Lighting is something that some DJs don’t really consider, but it can make a big difference if you get creative with it. Get some inspiration with our 6 creative DJ lighting tips.
1. What Type of Event are You Doing that Requires Lighting?
Before we steam in and get into detail about different lighting options, you need to ask yourself this question. You will obviously know the answer to it, but the point is: you need to think long and hard about what might be appropriate, and what you might need or not need. If you're DJing at a wedding in the same room where everybody has just had dinner, then you're probably not going to need a rig full of multi coloured lasers, but a bit of static up-lighting to spruce up the room when the lights go down may be just the ticket. Likewise, if you're playing in a club, you need to understand what lighting they may already have or not have, and whether they have someone operating it. Just do your homework, basically.
2. Understand What’s Out There
Just like your DJing equipment, there are many lights to choose from. In brief, here are your main options and what they look like:
Do some research on the pros and cons of each.
3. Can Your DJ Setup be Integrated?
You might be surprised. If you're DJing with software, explore what VJing options there are and how these could potentially marry up to a lighting system.
4. Understand Automatic Programmes V DMX Systems
In short, some lighting requires programming with a laptop/unit, and some can be set to run their programmes automatically. The key thing to consider here is just how much time you can dedicate to operating the lighting during your performance. If you mix with vinyl and spend most of your time adjusting records, then it's probably wise to use lighting that can function on its own without much fiddling. If you auto sync your mixes, then operating a load of fancy DMX units won't be a problem.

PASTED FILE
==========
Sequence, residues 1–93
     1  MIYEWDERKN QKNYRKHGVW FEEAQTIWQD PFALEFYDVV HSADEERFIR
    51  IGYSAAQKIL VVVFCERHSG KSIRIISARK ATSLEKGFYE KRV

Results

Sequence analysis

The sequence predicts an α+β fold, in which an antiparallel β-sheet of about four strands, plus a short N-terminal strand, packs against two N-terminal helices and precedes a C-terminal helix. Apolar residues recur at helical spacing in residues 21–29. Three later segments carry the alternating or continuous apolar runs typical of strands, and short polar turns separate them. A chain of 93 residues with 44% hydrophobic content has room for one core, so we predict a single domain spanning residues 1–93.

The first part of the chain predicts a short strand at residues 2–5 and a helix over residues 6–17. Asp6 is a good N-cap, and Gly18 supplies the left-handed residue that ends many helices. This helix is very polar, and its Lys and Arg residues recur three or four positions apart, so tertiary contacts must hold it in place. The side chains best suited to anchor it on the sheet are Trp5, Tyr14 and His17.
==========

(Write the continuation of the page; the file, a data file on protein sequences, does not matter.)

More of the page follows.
5. Remember Health & Safety
As boring as this sounds, the more advanced your lighting setup, the more likely it is that people will be in danger if something goes wrong. Rigs have a habit of falling down...make damned sure that yours doesn't. Tripods and trussing are supplied with weight limits - always make sure that your lighting units keep within these. And don't underestimate the importance of the little things like clamps. A lighting unit is always going to have to be attached to something, so remember that you'll need something strong enough to make this happen.
6. Don’t Forget Smoke
This can really help your lighting come to life, especially the lasers.